Cambodia’s outgoing Prime Minister Hun Sen has revealed the country’s new and more youthful cabinet, which is set to take office on August 22 under the leadership of his eldest son Hun Manet.
The impending generational handover comes after Hun Sen’s Cambodian People’s Party (CPP) won a walkover election victory on July 23, in which the main opposition party was barred from participating and the CPP subsequently emerged with 120 out of the National Assembly’s 125 seats. Shortly after the election, Hun Sen announced he was stepping down and handing power to Manet, after more than 38 years at the pinnacle of Cambodian politics.
Yesterday, Hun Sen posted photos to his Telegram channel of a meeting of outgoing and new government ministers, including one showing Manet, 45, flanked by around 30 incoming cabinet members.
While the government has not yet formally released a list of cabinet appointments, many of those appearing in the photo (a full list of them is available here) have already appeared on leaked cabinet lists.
These lists show that Manet’s accession will be accompanied by a broad generational transfer within the CPP, which will see a host of old guard ministers make way for a younger cohort of officials, most of them in their 40s.
Interior Minister Sar Kheng and Defense Minister Tea Banh, both of whom have held their positions for more than two decades, will make way for their sons Sar Sokha and Tea Seiha, while Hun Sen’s youngest son, 40-year-old Hun Many, will become the new minister of civil service. Similarly, Cham Nimol will become commerce minister, taking over the post that her father Cham Prasidh held for many years.
Among the other purported cabinet members are Chea Somethy, a son of the late former CPP President Chea Sim; Eang Sophalleth, an assistant to Hun Sen and son-in-law of outgoing Land Minister Chea Sophara; and Sok Soken, the son of the late Sok An, a key ally of Hun Sen dating back to the 1980s.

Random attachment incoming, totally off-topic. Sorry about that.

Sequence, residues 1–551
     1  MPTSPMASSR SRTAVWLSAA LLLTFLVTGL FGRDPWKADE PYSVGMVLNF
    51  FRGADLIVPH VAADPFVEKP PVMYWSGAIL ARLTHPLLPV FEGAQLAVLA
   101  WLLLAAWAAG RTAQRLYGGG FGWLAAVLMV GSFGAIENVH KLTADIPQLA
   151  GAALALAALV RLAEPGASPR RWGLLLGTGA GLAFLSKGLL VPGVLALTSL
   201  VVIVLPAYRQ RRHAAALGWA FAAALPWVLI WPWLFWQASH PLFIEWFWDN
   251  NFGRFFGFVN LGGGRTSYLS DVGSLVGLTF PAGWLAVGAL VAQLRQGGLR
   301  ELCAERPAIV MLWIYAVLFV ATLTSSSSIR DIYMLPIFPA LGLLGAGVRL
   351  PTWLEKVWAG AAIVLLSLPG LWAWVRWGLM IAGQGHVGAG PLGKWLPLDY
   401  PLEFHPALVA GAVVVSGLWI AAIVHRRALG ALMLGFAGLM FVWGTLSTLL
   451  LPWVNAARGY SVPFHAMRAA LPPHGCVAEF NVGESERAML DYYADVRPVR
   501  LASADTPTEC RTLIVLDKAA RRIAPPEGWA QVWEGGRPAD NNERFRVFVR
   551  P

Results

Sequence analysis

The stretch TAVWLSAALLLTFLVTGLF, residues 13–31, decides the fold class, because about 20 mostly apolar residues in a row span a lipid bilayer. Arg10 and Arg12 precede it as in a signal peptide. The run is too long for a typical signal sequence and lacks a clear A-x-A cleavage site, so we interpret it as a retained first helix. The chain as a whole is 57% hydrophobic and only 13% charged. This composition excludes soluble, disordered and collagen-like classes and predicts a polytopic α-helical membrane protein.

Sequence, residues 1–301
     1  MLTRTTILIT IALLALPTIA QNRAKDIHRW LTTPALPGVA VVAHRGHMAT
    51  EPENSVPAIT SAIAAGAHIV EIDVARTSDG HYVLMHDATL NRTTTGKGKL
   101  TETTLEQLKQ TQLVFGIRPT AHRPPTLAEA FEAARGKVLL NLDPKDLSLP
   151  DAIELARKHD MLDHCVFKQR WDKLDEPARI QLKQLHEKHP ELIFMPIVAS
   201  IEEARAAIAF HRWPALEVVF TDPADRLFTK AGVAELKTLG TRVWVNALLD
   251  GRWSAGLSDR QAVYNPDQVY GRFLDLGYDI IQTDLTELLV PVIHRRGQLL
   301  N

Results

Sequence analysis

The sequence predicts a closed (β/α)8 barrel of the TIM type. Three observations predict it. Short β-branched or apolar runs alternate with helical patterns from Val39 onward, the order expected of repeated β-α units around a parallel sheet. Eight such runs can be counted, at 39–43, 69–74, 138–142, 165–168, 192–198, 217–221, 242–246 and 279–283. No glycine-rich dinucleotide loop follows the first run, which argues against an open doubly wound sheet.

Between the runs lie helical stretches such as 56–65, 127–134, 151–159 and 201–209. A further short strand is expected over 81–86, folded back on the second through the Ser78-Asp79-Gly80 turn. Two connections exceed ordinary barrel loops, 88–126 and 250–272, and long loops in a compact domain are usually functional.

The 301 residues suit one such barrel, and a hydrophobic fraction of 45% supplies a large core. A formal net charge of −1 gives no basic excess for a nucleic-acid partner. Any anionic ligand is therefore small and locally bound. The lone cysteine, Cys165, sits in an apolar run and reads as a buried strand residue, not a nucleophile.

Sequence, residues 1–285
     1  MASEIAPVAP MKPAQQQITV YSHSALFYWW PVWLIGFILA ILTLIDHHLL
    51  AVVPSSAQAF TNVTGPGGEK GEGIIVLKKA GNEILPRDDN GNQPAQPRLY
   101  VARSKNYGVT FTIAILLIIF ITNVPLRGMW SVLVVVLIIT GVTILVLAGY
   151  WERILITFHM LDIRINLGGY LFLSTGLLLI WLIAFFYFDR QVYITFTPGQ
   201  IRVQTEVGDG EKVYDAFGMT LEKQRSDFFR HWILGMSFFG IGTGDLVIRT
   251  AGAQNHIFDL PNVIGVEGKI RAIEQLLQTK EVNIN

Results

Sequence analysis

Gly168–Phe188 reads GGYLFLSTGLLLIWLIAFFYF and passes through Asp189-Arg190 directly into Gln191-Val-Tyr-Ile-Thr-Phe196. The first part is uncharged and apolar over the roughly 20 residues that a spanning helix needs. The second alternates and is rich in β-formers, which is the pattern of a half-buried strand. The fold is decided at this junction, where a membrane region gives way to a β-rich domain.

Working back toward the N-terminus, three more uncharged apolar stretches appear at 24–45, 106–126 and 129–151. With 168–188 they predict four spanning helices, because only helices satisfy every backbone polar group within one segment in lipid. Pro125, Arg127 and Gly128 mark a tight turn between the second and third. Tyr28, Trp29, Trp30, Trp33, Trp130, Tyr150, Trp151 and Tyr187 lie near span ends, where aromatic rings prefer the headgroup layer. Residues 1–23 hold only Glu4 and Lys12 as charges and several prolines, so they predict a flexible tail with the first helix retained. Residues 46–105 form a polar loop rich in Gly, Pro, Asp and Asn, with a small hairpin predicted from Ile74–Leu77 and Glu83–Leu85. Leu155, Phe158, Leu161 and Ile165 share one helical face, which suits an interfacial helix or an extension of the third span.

Those who aren’t related to senior CPP officials by marriage have been chosen for their political loyalty to Hun Sen. Among these are a number of close aides of Hun Manet, who have been promoted along with their former boss.
In this generational transfer, only a few members of the cabinet will remain unchanged, among them Finance Minister Aun Pornmoniroth (who has been in his post since 2013), Women’s Affairs Minister Ing Kantha Phavi (2004), Education Minister Hang Chhuon Naron (2013), and Education Minister Say Sam Al (2013), who not incidentally is also the son of CPP powerbroker Say Chhum.
While the incoming cabinet will mark an important watershed in the renewal of the party, a generational transfer of sorts has been underway since 2013, when the CPP experienced a serious challenge from the opposition Cambodia National Rescue Party (CNRP). (For its trouble, the CNRP was disbanded on spurious grounds in 2017.) Indeed, Say Sam Al, Hang Chhuon Naron, and Aun Pornmoniroth were all appointed in the immediate wake of the election, as technocrats who could introduce much needed reforms in their various portfolios. (Their successes have been mixed.)
Cambodia’s new cabinet appointees reflect the interwoven mesh of elites, adhered by bonds of marriage and pacts of mutual survival, that makes up the political system under Hun Sen. It also suggests that delicate compromises were necessary in order to maintain internal unity within the CPP and ensure elite support for Hun Sen’s plan to transfer the prime ministership to his son. Indeed, the price of gaining this support was to entrench further the influence of key political clans, such as the Sar and Tea families, which now control ministries almost as miniature hereditary fiefs. The new cabinet is also notable for its paucity of women, who make up just three –or 10 percent – of the 30 ministers in the new cabinet.
Faced with the challenge of ensuring political continuity in a system characterized by fluid relations of power, Hun Sen is hoping that a generational transition can maintain stability of the CPP, secure the party’s hold on power for a further generation, and unsure that his political legacy lasts beyond his own demise.
As Hun Manet wrote when he posted yesterday’s group photos on Facebook, the most important factor for the CPP’s continued electoral dominance over Cambodia’s politics was the “solidarity and internal unity of the party.”